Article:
C5 - Early interior–surface–atmosphere interactions on the terrestrial planets

Research areas: Planetary physics, geophysics

Summary

During the early phases of planet building, the atmospheric surface temperature may heavily influence the thermochemical evolution of the magma ocean. For example, whether or not the surface is molten critically affects the entrainment of late accreted material into the interior, thereby affecting internal dynamics and mantle mixing (C4). There is a gap in knowledge however, regarding how long this molten surface phase lasts and the implications for mixing of impacting material into the interior. We address this knowledge gap by coupling a state-of-the-art atmospheric evolution model with an interior outgassing model. This coupling is needed because, outgassing feeds back on atmospheric composition and energy balance, hence affecting the surface temperature. In addition to surface temperature, surface pressure is also a key factor affecting outgassing. During the molten surface phase the atmospheric composition likely changes as it gradually cools from a hot silicate vapor atmosphere (which condenses out in grains), to an light element (H,C,O) atom-rich atmosphere and finally into a molecule-rich (e.g., CO2, H2O) atmosphere, which eventually collapses to form the oceans. Our atmospheric evolution model will be updated to include the effects of silicate vapor clouds, atmospheric escape, and thick, steam atmospheres.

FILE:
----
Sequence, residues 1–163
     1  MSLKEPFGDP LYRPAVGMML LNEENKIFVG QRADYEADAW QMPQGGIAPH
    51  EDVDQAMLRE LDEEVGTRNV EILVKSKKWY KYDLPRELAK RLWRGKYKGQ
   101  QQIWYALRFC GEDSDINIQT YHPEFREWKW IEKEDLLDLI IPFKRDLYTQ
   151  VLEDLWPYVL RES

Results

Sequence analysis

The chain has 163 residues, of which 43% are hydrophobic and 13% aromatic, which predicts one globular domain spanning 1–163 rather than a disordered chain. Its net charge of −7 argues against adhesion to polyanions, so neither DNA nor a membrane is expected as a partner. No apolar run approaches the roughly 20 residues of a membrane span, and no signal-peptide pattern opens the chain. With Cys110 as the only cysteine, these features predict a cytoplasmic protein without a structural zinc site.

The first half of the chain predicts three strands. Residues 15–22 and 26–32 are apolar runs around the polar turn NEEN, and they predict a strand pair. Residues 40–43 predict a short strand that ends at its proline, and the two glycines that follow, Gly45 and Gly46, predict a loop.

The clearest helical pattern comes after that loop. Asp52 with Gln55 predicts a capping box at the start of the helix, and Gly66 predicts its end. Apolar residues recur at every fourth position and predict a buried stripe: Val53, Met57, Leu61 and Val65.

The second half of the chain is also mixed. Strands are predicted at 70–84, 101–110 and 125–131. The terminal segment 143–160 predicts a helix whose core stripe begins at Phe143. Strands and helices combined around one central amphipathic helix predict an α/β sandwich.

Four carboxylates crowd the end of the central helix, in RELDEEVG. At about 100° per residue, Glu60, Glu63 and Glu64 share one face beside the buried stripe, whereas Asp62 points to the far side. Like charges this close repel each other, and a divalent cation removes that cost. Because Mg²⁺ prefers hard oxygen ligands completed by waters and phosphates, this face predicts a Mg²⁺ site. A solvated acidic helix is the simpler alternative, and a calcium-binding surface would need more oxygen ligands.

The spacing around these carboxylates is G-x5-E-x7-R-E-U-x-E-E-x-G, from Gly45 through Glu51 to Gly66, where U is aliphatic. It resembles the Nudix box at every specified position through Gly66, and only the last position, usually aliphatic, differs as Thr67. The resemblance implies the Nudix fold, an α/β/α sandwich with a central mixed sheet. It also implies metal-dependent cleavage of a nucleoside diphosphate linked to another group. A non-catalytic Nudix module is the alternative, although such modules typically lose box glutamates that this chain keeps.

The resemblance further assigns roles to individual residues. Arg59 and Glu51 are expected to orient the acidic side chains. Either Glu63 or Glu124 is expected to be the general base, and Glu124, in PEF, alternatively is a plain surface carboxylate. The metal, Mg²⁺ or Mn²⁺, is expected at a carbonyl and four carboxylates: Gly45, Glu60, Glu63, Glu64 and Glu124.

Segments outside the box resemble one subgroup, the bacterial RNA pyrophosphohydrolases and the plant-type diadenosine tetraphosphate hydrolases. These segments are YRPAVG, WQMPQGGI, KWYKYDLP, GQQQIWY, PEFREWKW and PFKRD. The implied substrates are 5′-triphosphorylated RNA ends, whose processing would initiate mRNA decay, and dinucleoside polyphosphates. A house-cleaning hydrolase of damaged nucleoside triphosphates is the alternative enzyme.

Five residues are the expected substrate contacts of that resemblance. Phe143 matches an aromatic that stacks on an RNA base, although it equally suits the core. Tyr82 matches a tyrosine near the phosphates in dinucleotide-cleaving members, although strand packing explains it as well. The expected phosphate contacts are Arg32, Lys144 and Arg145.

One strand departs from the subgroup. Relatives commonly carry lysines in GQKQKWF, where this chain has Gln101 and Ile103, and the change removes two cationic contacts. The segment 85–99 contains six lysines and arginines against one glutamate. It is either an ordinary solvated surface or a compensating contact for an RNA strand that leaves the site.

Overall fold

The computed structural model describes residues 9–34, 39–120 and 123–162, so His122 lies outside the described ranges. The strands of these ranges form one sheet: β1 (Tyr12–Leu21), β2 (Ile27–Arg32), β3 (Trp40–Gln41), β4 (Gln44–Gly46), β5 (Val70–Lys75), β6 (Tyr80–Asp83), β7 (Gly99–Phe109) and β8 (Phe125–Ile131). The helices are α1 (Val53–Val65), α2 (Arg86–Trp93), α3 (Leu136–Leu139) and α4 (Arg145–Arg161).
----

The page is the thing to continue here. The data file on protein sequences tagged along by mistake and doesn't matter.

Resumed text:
Advancing our knowledge of early terrestrial planet atmospheres will thereby help improve the understanding of variations of the Earth’s atmospheric composition over time and  feedback processes with the interior. In the course of magma ocean solidification and core segregation, feedback between the redox buffer of the mantle and outgassing of water and carbon dioxide into the atmosphere becomes increasingly important. We therefore apply a structural model of the interior that involves equations of state for the density and material properties of distinct geochemical reservoirs (crust, mantle, core), including chemical reactions between silicates, metallic and oxidized iron, and hydrogen- and carbon-based volatile constituents. The interior structure model will in turn be used to constrain oxygen fugacity (fO2), which directly determines outgassing (C4). The structural model will be iterated with the atmospheric model until fO2 conditions (hence outgassing and atmospheric pressure) converge.